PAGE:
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Just a couple of weeks back I posted to The State of Security an article titled “Finally Some Good News: NERC Proposes Deferment of 3 CIP standards,” and, as suspected, the Federal Energy Regulatory Commission (FERC) approved the extension officially on April, 17th with this order.

Having approved NERC’s petition submitted on April 6th, FERC officially pushes back the original July 1, 2020 implementation deadline for CIP-005-6, CIP-010-3, and CIP-013-1 until October 1, 2020, giving registered entities an additional 3 months. FERC cited safety and reliability of the grid as the primary reasons for approving the petition, stemming from the impacts of the pandemic.

What did FERC state in their order?

In the order, FERC does imply that utilities should have already taken steps to properly implement the new and revised requirements, stating:

“The Reliability Standards that are the subject of this order are important for ensuring the security and reliability of the grid. We recognize that registered entities have likely already taken significant steps to ensure the effective and timely implementation of these Reliability Standards, and we encourage them to continue doing so.”

The order goes on to imply that entities should use this extension to ensure that their efforts to implement the new standards are fully compliant at the time they become enforceable.

Protest filed by the public

The public can file a response to any NERC filing and four responses – three in support and one in protest – were filed.

The one in protest, according to the order, was filed late by an organization called “Protect Our Power,” who according to their website is an organization “[…] comprised of experts from industry, the physical and cyber defense communities as well as finance and government. The nonpartisan advisory panel has a single focus of strengthening the nation’s electrical power grid.”

The organization’s response proposed a shorter extension of CIP-013 due to the “critical nature of the utility industry supply chain and that many or most utilities may already be prepared to comply by the current July 1 deadline.”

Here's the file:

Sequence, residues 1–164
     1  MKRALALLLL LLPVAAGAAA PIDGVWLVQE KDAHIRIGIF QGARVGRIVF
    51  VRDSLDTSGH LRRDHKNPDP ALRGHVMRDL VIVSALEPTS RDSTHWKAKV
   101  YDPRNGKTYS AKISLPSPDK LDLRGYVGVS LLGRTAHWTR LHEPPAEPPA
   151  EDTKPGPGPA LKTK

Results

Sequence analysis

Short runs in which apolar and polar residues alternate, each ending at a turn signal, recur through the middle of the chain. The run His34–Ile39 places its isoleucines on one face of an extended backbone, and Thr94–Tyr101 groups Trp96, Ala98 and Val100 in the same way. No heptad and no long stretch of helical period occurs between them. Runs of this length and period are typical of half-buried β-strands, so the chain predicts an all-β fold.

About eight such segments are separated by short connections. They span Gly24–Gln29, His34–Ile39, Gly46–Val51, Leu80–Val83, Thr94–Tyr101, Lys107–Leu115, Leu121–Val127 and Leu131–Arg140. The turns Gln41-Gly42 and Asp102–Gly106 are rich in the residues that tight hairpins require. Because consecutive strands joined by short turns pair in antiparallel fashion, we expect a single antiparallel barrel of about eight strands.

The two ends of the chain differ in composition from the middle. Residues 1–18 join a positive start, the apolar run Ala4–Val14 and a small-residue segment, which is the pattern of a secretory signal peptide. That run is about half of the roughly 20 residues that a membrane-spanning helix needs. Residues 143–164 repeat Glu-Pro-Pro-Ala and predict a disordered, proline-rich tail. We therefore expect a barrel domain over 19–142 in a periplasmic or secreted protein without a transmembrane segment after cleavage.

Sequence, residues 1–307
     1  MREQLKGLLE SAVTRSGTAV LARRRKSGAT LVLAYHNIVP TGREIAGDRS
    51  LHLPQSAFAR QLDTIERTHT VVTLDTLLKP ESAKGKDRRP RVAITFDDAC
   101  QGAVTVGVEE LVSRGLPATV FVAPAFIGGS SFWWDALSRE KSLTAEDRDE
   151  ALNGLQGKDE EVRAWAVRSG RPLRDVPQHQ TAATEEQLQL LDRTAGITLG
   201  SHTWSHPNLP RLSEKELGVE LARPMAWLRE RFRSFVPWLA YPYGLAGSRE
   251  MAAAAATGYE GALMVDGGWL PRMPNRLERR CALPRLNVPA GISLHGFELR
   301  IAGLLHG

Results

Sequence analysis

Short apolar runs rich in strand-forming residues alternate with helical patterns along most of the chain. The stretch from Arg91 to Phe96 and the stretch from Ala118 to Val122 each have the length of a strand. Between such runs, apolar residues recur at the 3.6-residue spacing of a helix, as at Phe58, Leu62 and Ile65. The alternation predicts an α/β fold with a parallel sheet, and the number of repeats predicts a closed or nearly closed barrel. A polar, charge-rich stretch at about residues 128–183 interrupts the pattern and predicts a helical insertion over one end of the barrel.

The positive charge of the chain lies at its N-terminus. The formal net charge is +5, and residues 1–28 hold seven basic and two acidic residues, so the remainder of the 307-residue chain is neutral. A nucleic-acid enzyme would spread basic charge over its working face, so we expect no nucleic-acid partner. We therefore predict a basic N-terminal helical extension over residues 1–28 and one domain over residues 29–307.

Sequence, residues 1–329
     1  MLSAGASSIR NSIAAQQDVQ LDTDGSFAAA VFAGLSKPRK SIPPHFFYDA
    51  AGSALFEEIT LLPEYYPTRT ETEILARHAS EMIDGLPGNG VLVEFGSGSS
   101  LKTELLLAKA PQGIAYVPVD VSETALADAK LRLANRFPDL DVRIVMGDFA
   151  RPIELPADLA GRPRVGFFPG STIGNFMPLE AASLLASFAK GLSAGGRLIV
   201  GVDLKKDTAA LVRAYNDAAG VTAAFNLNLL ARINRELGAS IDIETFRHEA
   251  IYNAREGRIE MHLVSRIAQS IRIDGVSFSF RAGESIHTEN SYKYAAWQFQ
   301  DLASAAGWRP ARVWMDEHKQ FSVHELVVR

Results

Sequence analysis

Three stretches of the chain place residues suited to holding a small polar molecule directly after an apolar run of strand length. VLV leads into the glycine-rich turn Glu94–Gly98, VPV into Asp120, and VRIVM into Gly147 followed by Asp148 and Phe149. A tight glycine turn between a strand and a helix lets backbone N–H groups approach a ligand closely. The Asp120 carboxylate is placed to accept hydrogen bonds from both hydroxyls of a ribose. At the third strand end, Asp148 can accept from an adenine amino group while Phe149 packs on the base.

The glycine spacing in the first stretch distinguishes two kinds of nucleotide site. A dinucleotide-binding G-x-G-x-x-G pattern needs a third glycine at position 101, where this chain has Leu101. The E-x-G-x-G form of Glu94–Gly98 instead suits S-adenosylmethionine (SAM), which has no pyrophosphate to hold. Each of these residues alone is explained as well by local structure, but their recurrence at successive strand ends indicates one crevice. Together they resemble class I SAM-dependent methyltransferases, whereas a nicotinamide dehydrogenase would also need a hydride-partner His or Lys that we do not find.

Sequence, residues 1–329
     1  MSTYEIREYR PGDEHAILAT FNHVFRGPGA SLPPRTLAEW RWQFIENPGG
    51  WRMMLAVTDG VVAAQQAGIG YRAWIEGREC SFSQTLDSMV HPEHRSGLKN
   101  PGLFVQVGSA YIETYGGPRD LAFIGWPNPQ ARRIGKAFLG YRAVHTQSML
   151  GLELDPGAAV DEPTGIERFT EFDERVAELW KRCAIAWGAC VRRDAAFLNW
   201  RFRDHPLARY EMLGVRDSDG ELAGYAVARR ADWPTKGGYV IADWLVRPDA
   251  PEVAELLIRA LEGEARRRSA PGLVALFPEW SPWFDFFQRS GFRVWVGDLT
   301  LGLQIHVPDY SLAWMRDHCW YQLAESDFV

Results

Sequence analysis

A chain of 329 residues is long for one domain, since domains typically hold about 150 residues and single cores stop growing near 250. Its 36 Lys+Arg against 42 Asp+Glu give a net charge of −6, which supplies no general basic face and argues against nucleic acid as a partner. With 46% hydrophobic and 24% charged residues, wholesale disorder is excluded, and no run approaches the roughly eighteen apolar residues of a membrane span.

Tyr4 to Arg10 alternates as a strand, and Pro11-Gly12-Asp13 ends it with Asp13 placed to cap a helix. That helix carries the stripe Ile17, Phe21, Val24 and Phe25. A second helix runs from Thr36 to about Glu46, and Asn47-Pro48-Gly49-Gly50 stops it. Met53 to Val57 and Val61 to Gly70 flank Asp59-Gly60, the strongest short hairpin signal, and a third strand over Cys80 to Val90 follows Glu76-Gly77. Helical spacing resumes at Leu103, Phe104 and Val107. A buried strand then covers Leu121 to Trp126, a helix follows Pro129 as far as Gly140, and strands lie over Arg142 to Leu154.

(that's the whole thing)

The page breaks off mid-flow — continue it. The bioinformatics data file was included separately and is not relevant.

Thinking back to my time spent implementing the v5 standards at a utility, I certainly appreciated the unprecedented delay then, and there was definitely no pandemic adversely impacting my team’s productivity to compete with.

What’s next?

So now that FERC has blessed the extension, I’ll re-post my list of ideas on how to spend all your newly acquired free time.

  1. Implement the new Tripwire Enterprise Ransomware Protection Rules, details can be found here.
  2. Brush up on your policies and procedures that cover the CIP Exceptional Circumstances, you know, just in case. Here’s a quick refresher on the subject from the NERC Glossary of terms:

“A situation that involves or threatens to involve one or more of the following, or similar, conditions that impact safety or BES reliability: a risk of injury or death; a natural disaster; civil unrest; an imminent or existing hardware, software, or equipment failure; a Cyber Security Incident requiring emergency assistance; a response by emergency services; the enactment of a mutual assistance agreement; or an impediment of large scale workforce availability.”

  1. Check out the Tripwire Private Energy Group on the Tripwire Forums. Email us here if you’d like to request access (must be a Tripwire electric utility customer).
  2. Check out Travis Smith’s series on the MITRE ATT&CK Framework and follow that up with a short read on the new Industrial Control Systems MITRE ATT&CK Framework.
  3. Exercise your CIP-008 Incident Response Plan. What better time than when there’s not an actual incident occurring? Don’t forget to take credit for your exercise by documenting the 15 month test requirement identified in CIP-008- R2.1.
  4. Lastly, make sure your backups are working, and test a restore. Also, like the item above, don’t forget to take credit for CIP-009-5 requirement 2.1 to test recovery plans at least once every 15 calendar months.